According to all the above presented arguments, it is obvious that in the effectiveness of the group performance an individual plays a crucially important role (Mullins, 2008). First of all, the organisation or group is constituted by individual people who have their own psychological, physiological and other needs, ideas and values according to which they make decisions and act. These differences in individual perception and attribution styles are based on such factors as temperament of every single person who could be either optimist or pessimist, active or passive, initiative or non-initiative, etc. Moreover, the cultural, educational and social backgrounds of the person shape his or her individual peculiarities and respective styles of behaviour. Finally, the philosophies that each person builds on the basis of the above mentioned principles, might also differ and cause various conflicting situations in an organisation (Bloisi, W. & Cook, C., 2006).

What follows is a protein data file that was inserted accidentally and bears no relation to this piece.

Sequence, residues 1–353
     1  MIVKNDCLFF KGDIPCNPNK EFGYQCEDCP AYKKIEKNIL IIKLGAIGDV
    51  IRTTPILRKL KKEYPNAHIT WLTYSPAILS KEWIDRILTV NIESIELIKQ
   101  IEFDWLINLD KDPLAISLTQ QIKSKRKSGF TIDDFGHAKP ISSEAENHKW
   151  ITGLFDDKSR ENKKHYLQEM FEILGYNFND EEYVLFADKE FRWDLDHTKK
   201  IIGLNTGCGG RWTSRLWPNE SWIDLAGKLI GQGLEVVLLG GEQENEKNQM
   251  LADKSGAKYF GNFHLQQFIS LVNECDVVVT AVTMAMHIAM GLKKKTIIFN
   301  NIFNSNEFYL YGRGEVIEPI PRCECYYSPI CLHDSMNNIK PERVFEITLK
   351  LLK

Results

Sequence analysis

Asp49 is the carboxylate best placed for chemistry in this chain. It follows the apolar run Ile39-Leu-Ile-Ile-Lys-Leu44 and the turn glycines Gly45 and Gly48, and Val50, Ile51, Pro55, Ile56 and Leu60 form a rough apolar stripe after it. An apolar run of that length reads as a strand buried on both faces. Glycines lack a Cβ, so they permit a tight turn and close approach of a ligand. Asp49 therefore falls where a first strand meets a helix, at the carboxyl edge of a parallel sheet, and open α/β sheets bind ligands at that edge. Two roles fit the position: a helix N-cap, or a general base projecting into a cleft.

The same can be said about the approaches each particular person takes in conflict situations. These approaches are numerous and range from the accommodating position of a person who tries to settle the situation peacefully to the competitor approach during which a person’s aim in a conflict is the victory by all means. All these personal peculiarities have serious impact upon the motivation of organisation members and upon the performance of the whole organisation. Accordingly, the attribution theory comes into play when conflict overcoming and personal differences are viewed as forming factors of organisational behaviour (Rollinson, 2008).

The major point of the attribution theory lies in the facts, assumptions or other traits that people attribute to the activities, deeds and outcomes of work of other people and themselves. The factor that could explain such a state of things is the psychological perception of the surrounding world. In other words, it depends upon a person’s mind how to perceive a phenomenon of reality. Thus, the same situation can be viewed differently by two or more people, from which different assumptions might result (Rollinson, 2008). For example, if a person has failed his or her part of the group assignment, the causes that the rest of the group members might attribute to this could vary from laziness and reluctance to objective reasons like family problems, health issues or practical lack of time (Brooks, 2005).